The Role of Trace Elements in the Development of Cartilage Matrix
Several trace elements are essential for normal skeletal development in young animals and man. These include copper, manganese, silicon, and zinc. Deficiencies of these nutrients produce specific pathological lesions in the epiphyseal growth plate, a tissue which plays a key role in endochondral bone formation. The morphology and biochemistry of this tissue has been recently reviewed (Leach and Gay, 1987). Briefly, the tissue is comprised of chondrocytes which can be divided into zones based upon stage of maturation: resting, proliferative, prehypertrophic and hypertrophic. These zones represent specific stages of maturation or differentiation of the chondrocyte with each type having specific biochemical characteristics. This is especially true for the hypertrophic chondrocyte which is removed by metaphysial blood vessels and replaced by trabecular bone. The chondrocytes of the epiphyseal growth plate are responsible for synthesizing the extracellular matrix typical of the cartilage, the major constituents being proteoglycans and collagen. This tissue is sensitive to the endocrine system as well as nutrition, with the growth hormone dependent IGF-I being a key factor in cartilage growth and development. The purpose of this paper is to discuss the influence of trace elements on cartilage metabolism with emphasis upon extracellular matrix formation and metabolism.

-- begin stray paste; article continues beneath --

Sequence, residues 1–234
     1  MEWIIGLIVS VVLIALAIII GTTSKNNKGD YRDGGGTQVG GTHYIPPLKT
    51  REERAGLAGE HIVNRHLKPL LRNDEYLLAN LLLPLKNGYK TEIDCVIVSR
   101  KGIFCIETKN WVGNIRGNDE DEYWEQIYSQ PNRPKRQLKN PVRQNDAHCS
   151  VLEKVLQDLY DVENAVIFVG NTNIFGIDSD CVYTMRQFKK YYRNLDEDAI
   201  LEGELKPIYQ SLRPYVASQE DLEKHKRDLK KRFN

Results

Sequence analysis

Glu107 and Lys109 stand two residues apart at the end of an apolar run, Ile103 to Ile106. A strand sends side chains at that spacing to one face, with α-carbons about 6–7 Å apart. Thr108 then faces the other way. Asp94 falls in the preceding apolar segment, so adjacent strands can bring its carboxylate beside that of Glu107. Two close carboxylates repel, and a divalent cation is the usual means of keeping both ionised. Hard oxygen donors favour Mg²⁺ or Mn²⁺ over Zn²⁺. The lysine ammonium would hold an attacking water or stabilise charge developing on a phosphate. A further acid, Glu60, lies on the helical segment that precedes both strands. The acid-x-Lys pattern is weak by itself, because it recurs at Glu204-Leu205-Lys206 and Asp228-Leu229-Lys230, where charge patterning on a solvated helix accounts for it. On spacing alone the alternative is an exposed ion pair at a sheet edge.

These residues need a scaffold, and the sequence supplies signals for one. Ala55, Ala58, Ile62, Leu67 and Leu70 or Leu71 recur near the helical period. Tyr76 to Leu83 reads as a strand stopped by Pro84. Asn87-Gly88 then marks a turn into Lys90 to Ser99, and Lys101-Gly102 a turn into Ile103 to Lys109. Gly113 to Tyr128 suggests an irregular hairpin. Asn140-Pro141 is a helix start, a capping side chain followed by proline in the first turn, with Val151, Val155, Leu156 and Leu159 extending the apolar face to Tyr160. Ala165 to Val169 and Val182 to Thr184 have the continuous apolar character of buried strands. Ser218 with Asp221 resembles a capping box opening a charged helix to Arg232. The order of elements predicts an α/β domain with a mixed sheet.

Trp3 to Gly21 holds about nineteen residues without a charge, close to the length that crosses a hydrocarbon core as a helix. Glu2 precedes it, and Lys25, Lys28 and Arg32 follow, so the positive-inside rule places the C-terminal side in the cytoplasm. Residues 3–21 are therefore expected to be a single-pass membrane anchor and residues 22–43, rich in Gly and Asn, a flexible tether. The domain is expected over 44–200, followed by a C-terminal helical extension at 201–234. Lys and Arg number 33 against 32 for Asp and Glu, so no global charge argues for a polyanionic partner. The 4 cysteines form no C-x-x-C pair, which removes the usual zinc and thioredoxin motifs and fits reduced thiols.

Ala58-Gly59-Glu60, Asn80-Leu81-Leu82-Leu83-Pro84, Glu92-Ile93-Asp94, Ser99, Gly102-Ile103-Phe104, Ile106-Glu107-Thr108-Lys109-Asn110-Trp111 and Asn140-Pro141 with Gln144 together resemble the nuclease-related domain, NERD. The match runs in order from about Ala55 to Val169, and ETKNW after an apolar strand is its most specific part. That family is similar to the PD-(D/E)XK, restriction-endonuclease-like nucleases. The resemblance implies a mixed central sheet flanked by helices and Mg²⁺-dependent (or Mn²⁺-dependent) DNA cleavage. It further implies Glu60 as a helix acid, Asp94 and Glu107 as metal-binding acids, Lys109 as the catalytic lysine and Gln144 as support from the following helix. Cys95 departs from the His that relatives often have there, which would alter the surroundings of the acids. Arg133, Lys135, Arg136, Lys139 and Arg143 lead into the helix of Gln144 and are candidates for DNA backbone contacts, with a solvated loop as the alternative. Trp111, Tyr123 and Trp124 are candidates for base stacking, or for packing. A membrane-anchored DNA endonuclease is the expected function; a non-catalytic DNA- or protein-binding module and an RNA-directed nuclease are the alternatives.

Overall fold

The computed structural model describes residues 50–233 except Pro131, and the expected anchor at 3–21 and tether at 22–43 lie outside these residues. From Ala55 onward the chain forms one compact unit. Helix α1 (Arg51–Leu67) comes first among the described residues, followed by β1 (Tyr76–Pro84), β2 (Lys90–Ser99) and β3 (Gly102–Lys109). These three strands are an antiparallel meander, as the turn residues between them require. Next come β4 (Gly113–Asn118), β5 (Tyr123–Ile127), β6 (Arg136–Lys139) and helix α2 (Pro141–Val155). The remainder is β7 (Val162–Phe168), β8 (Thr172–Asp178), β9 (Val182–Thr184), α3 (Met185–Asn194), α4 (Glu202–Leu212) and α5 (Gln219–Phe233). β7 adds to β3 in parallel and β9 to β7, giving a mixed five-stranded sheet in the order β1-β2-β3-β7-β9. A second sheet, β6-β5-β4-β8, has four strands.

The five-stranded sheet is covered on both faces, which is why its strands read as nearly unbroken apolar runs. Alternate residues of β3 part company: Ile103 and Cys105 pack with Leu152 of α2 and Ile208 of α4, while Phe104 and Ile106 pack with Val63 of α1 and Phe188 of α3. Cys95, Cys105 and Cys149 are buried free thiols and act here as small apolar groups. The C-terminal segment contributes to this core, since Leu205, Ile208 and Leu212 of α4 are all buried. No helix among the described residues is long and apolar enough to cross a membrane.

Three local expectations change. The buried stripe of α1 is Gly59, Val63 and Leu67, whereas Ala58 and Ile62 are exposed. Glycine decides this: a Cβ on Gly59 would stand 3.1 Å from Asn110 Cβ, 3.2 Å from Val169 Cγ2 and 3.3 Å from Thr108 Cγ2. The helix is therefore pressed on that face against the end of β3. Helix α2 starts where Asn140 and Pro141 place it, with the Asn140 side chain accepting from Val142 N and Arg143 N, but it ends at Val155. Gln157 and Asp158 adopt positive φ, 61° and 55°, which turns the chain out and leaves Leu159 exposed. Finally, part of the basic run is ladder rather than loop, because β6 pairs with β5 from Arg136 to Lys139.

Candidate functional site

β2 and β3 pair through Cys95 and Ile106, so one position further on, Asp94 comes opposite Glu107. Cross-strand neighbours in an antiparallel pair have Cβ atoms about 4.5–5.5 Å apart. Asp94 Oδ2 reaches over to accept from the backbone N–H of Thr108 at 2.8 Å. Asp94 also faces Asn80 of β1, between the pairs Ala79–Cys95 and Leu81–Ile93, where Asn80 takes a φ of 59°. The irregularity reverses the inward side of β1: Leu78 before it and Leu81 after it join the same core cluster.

KeywordsZinc Sugar Filtration Manganese Histamine
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